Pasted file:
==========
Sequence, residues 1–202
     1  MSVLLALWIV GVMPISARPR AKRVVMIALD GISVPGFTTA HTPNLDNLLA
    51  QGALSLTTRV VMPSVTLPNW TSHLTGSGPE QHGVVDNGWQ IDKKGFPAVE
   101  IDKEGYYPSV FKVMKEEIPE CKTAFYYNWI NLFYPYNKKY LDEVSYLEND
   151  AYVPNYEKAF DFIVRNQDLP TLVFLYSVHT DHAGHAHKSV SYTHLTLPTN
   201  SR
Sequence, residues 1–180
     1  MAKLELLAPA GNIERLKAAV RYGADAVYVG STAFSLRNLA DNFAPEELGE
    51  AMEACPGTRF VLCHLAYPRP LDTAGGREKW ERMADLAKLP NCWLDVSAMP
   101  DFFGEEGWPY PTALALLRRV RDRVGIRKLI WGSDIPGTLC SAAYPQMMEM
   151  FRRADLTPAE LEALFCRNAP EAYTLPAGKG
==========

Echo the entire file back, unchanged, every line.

Sequence, residues 1–202
     1  MSVLLALWIV GVMPISARPR AKRVVMIALD GISVPGFTTA HTPNLDNLLA
    51  QGALSLTTRV VMPSVTLPNW TSHLTGSGPE QHGVVDNGWQ IDKKGFPAVE
   101  IDKEGYYPSV FKVMKEEIPE CKTAFYYNWI NLFYPYNKKY LDEVSYLEND
   151  AYVPNYEKAF DFIVRNQDLP TLVFLYSVHT DHAGHAHKSV SYTHLTLPTN
   201  SR
Sequence, residues 1–180
     1  MAKLELLAPA GNIERLKAAV RYGADAVYVG STAFSLRNLA DNFAPEELGE
    51  AMEACPGTRF VLCHLAYPRP LDTAGGREKW ERMADLAKLP NCWLDVSAMP
   101  DFFGEEGWPY PTALALLRRV RDRVGIRKLI WGSDIPGTLC SAAYPQMMEM
   151  FRRADLTPAE LEALFCRNAP EAYTLPAGKG